we are still dealing with some of the things that
informed that youth subculture. That study explained
the violence by referring to the crisis of racist
capitalism. The study argued that the crisis created
material conditions that led to the marginalisation
of great numbers of African youngsters. These youngsters
grew up to (believe in) hustling and using violence
to get what they could not get in other ways. When
one gets to believe, one 'buys into' something, one
internalizes, one embodies. What the young African
men then may have bought into, internalized and embodied,
is exactly the violence and hustling that was first
Dominant constructions of
masculinity then and now
Now and then one observes that the dominant construction
of masculinity is still mainly of men as economic
providers; these young men must have looked to their
futures and their own sense of fulfilling their manly
future roles with a sense of ever increasing desperation.
Indeed there was no sense of looking to the future.
There was none to look forward to. These conditions
then could be said to be unhappy ones for arguing
for engagement in things like a (re) negotiation of
male identities and male power. When one is going
hungry it looks somewhat insane for some intellectual
to come around speaking about opening up and allowing
for multiple understandings of what it means to be
a man, to be African, to be a South African in the
future. As a matter of fact, the predominant sentiment
among males is that the concerns of African men cannot
be around 'niceties' of gender and masculinity. Back
then, if gender was ever broached and dominant masculinities
shown to be a problem, the reasons given for dismissing
the problem would be that African males had to deal
with more important stuff, 'bread and butter issues'
continuing the struggle. Now, if gender is broached
and dominant African masculinities shown to be a problem,
they are dismissed with laughter and arguments that
African males have to deal with more important stuff,
'bread and butter issues', deepening democracy, building
and running a country, making some money. African
men, that is to say, back then and still today, do
not have the luxury to forge new concepts of masculinity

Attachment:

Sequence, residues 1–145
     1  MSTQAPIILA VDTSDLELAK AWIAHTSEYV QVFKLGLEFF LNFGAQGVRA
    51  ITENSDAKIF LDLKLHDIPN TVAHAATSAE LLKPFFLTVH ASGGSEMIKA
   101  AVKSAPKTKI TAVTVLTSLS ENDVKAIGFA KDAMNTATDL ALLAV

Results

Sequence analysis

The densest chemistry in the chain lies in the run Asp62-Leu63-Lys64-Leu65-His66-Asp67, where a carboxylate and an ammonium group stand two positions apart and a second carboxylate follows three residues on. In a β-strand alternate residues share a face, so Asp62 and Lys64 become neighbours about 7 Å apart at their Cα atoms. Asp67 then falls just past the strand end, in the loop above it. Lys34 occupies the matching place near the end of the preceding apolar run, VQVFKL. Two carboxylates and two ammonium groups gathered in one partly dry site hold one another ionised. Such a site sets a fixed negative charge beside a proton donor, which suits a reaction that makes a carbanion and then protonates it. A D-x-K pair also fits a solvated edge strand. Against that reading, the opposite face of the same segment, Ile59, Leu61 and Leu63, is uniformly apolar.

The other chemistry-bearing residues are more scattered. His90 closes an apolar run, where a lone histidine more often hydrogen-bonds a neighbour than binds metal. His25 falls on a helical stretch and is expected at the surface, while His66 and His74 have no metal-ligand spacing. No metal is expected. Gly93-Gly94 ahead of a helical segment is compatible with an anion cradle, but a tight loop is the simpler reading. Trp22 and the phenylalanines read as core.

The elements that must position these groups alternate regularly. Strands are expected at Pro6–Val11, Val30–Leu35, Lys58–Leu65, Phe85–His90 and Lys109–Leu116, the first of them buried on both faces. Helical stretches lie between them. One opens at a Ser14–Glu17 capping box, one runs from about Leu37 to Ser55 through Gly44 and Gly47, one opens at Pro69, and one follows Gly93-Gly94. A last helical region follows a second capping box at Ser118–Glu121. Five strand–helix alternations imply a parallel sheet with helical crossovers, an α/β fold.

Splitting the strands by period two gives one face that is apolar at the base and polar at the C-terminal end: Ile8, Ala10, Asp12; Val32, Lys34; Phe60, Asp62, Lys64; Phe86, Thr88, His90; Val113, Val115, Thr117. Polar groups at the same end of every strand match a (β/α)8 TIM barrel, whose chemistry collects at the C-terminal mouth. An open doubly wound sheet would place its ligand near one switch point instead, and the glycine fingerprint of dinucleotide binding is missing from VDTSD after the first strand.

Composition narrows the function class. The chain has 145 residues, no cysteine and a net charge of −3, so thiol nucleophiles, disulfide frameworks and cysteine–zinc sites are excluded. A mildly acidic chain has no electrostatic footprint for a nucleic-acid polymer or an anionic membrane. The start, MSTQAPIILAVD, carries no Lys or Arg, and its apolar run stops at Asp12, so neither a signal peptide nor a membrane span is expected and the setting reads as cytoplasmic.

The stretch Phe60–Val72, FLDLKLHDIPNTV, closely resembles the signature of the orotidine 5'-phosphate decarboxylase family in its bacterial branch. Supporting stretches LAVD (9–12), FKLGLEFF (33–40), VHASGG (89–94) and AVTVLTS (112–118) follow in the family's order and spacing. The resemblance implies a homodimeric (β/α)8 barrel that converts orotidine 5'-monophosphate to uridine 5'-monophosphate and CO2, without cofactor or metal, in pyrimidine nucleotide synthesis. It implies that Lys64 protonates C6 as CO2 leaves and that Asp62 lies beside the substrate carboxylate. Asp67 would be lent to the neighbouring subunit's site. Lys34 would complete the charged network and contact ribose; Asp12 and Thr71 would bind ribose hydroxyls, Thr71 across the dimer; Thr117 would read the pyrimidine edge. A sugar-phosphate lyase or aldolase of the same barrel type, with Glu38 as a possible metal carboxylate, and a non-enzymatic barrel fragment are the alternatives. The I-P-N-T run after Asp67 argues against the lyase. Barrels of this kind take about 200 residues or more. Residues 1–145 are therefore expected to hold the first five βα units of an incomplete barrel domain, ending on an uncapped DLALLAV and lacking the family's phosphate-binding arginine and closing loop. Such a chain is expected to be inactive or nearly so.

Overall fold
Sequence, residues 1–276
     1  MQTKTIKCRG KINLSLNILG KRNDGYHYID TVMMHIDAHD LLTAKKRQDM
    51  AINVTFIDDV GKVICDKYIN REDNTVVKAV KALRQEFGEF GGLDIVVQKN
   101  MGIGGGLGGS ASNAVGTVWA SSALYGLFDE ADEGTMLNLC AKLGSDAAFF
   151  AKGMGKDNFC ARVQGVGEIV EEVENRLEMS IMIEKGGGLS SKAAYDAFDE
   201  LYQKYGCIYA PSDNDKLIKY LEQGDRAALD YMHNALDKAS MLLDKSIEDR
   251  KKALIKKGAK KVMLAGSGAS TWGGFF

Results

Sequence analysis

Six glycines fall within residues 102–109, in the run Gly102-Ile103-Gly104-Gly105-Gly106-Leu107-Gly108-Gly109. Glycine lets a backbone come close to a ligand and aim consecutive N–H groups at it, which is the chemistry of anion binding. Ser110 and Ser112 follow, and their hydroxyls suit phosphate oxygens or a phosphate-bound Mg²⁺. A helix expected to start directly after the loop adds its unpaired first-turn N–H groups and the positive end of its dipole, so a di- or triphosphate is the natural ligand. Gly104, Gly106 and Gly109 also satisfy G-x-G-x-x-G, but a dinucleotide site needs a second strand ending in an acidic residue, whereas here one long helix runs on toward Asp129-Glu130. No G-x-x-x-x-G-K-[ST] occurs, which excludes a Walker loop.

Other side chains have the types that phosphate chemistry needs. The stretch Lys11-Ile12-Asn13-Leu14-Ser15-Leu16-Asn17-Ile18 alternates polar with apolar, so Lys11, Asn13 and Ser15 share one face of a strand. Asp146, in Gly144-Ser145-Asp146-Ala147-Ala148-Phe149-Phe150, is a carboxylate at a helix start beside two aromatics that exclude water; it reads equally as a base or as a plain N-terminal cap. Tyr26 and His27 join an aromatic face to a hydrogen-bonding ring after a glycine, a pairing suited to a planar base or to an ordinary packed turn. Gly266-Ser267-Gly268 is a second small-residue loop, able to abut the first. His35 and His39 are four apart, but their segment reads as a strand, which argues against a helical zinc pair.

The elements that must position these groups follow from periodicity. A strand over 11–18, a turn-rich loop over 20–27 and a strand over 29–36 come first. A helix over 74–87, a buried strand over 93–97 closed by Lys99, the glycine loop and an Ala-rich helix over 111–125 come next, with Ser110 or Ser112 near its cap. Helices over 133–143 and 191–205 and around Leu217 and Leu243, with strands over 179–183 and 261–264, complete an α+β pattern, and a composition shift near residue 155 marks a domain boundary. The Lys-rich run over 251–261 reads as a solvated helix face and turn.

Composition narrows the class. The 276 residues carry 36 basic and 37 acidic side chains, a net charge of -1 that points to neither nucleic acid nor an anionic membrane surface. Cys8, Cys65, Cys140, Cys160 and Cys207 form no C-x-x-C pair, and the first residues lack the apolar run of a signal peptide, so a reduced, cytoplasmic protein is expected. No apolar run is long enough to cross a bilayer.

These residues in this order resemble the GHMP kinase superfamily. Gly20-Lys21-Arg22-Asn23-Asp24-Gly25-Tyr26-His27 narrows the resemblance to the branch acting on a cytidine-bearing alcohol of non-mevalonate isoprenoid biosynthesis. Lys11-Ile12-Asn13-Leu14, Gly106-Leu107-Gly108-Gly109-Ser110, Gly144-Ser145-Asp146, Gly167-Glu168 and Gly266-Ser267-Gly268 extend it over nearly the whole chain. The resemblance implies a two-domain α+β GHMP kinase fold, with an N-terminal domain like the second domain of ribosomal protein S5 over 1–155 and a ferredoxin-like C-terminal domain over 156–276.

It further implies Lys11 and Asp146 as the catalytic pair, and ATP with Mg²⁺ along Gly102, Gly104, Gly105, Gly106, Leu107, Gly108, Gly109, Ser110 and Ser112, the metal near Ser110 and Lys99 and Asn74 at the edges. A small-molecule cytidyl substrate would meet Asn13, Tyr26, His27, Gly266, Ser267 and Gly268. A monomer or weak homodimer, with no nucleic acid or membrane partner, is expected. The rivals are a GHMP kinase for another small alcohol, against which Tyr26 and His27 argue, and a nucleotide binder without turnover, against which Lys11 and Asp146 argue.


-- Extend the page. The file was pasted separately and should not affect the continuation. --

and new ways of relating.
'Nouveau riche' and violent
cultures as two sides of the same coin
This kind of argument is oppressive and dangerous.
Pulling apart our identities, practices and institutions
and examining their constituent parts- especially
those things we are convinced we cannot live without,
our very own history and culture, our names and lives-
is always urgent. It is of such importance that it
is now insufficient to merely show the rhetoric above
as tails-side of the same coin as the rhetoric that
produces strong men as dominant, in charge, sexually-potent,
BMW-driving, platinum MasterCard-carrying managers
or owners of this and that company.
In other words, survivalist, violent,
materialistic subcultures are parts of the same cloth
as the capitalist greed that produces the African
nouveaux arrives. The racist patriarchal social structure
of apartheid, the masculine African youth subculture,
and the small band of rich Africans derive from the
vampirism of capitalism that feeds and feeds off the
idea of what it is to be a man. It may be shown then-
contrary to what may be common sense- that rather
than being free of all the structures of apartheid,
most of us are still caught up in, defined by and
supporting oppressive discourses also supported by
that racist patriarchal social structure.
I think the major point here is
that refusing to admit how in raising a boy- child
we are always implicated in power, is what imperils
the future. In making an African man, and thus reproducing
a particular, dominant identity, we must be aware
that African manhood is made within a field of power
struggles that includes such things as class, sex/sexuality/gender,
and of course race, provides at best a lopsided view
of the realities of individual African men. The worst
of it though is proceeding on the assumption of an
uncritical, uncontradictory view of a shared history
of racial oppression, while glossing over class and
sex/sexuality/gender hierarchies is part of the epistemic
and material violence that goes into constructing
1 Mokwena, Steve, 'The era of the jackrollers: contextualising
the rise of the youth gangs in Soweto'. Paper presented
at Project for the Study of Violence Seminar, Wits
University, Braamfontein, Guateng, 1991.
Ratele, Ph.D. Dr. Ratele is a professor with the Psychology
Department and Women and Gender Studies, University
of Cape Town, South Africa. Article originally published
in News from the Nordic Institute, Nordic
Africa Institute, Uppsala, Sweden. Reprinted with